Several Arlington residents are complaining that when the sun goes down, a painful light pierces through their homes. They blame the county flipping the switch on LED lights and they want a dimmer option.
More energy efficient lights started cropping up in Arlington in 2010, and more neighborhoods are getting the upgrades this summer. While many favor going "greener," there are others who question the added cost to comfort.
"It throws an eerie glow," said Alcova Heights resident Jan Kennenmer of the LED lights. "It's almost like having a theater light right in front of you," she added.
She and Andrea Vojtko were so troubled by what they saw, they formed a streetlight committee looking for a dimmer option in Arlington Village. LED lights will be installed there this summer.
"I'm already preparing to get some extra window treatments because of it and it's costing me a lot of money -- about $1500," said Andrea Vojtko.
"What I'd like to see them do is put in a better color temperature," chimed in Kennenmer. "One that is not so obnoxious."
She suggests the county swap out 5500 kelvin bulbs for 3500 ones. Higher numbers appear whiter while lower numbers give off a warmer and more yellow or orange hue.
"As a taxpayer, to the extent that we can reduce the county's electric bill, it helps everybody," said Arlington Village Townhouse Association resident Mary Pat McNulty.
She says the project must get support from 60 percent of the effected residents before going forward and referenced the Neighborhood Conservation Program Handbook as proof. It says verbatim, "certain projects - curb/gutter/sidewalk, streetlight and those projects including traffic calming - must be supported through block petitions."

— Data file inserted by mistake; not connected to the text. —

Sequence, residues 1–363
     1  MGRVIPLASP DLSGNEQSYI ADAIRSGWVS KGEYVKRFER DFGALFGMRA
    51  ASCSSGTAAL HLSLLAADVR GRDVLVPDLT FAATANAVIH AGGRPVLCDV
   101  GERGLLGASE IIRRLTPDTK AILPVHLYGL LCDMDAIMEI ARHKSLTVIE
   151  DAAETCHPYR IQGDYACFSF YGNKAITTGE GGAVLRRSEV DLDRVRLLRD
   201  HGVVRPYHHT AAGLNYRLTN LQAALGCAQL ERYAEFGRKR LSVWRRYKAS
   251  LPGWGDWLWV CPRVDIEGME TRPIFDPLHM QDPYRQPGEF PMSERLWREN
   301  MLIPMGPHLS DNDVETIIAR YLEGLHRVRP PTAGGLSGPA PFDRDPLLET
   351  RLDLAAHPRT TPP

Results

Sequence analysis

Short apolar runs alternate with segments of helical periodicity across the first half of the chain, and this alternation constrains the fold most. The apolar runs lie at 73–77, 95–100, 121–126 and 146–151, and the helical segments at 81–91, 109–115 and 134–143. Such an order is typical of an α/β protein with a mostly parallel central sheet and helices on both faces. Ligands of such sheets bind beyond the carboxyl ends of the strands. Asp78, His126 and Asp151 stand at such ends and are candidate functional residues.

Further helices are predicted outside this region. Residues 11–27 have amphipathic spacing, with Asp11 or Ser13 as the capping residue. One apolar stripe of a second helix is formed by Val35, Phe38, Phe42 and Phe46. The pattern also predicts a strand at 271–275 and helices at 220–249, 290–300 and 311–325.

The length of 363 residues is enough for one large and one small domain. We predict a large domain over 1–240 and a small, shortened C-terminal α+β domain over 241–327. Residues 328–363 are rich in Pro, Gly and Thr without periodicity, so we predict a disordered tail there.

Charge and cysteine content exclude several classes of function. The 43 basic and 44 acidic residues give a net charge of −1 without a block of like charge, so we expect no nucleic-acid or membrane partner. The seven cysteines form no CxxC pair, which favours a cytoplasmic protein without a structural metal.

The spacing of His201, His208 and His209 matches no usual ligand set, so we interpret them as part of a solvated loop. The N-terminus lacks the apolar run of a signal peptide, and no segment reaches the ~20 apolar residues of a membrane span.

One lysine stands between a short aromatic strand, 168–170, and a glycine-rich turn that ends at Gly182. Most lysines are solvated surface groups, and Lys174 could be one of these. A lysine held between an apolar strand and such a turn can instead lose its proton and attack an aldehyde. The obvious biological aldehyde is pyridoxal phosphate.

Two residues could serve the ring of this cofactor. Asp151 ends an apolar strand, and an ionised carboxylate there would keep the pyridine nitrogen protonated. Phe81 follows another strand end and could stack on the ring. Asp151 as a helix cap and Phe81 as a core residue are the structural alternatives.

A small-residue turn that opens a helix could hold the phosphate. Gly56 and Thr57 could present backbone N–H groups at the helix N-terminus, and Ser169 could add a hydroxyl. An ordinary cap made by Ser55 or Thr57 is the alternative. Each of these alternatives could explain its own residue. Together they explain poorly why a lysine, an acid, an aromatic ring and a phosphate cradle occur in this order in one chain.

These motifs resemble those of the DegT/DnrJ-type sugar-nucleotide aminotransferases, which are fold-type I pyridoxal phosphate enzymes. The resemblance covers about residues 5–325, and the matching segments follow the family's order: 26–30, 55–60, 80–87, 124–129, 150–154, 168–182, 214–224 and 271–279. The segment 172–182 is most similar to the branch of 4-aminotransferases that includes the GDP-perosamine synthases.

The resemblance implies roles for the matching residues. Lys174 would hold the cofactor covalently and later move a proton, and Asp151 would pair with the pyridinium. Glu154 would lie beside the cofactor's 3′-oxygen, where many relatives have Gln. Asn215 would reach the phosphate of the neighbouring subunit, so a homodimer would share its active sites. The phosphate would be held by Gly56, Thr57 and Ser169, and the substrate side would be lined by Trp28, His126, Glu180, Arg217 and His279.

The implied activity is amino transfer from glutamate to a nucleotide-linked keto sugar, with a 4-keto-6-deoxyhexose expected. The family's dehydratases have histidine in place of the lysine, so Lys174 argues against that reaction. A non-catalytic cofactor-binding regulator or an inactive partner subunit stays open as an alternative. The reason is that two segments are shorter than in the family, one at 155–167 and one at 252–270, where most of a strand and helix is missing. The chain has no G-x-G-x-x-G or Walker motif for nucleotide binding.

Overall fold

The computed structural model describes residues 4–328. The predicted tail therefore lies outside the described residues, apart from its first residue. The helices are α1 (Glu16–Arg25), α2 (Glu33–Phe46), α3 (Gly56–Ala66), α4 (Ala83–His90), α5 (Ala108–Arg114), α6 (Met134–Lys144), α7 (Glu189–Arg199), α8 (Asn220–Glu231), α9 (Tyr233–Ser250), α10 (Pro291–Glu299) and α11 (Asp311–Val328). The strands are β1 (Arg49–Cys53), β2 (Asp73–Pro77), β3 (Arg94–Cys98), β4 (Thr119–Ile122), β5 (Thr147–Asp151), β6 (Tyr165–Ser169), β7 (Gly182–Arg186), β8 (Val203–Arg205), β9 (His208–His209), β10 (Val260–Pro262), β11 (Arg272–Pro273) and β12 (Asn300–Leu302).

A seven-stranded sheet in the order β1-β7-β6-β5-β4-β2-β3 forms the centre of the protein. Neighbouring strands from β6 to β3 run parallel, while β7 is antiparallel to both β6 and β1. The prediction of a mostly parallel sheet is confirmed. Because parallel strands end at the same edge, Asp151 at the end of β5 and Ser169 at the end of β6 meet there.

County leaders insist the vetting process took. "We think everyone has been given an opportunity to give input," said Arlington County Transportation, Engineering & Operations Chief Wayne Wentz. He says the pure white color can be mistaken as being brighter than the old lights when that's not true. The LED lights also dim as the night wears on and use less than half the energy of the old.
His staff also informs the life of an LED lights is 25 years plus. High pressure sodium bulbs have a lifespan of about 3 years and cost at least there to four times more than LEDs. Each of the LED streetlight conversion cost $772. New lights, depending on street location, cost between $4000 and $6500.
"Most of the complaints that come in end up changing to positives," he informed.
Several Arlington Heights residents who have been living with LED lights outside their homes for more than a year support that claim.
"It bothered me at first because it's right across from our bedroom and it was disconcerting, but it's like anything else," said Lisa Chedister. "It's change and you get used to it."
Danny Eichers agrees. Surrounded by his kids, he said that "their bedroom window is directly facing the light, but they've never mentioned a problem with the light."
County staff is planning an August 6th demonstration of the streetlights' dimming capabilities. That meeting will begin at 9:30 p.m. near the intersection of Wilson Drive and North Monroe Street.
For more information on the LED street light program, click here.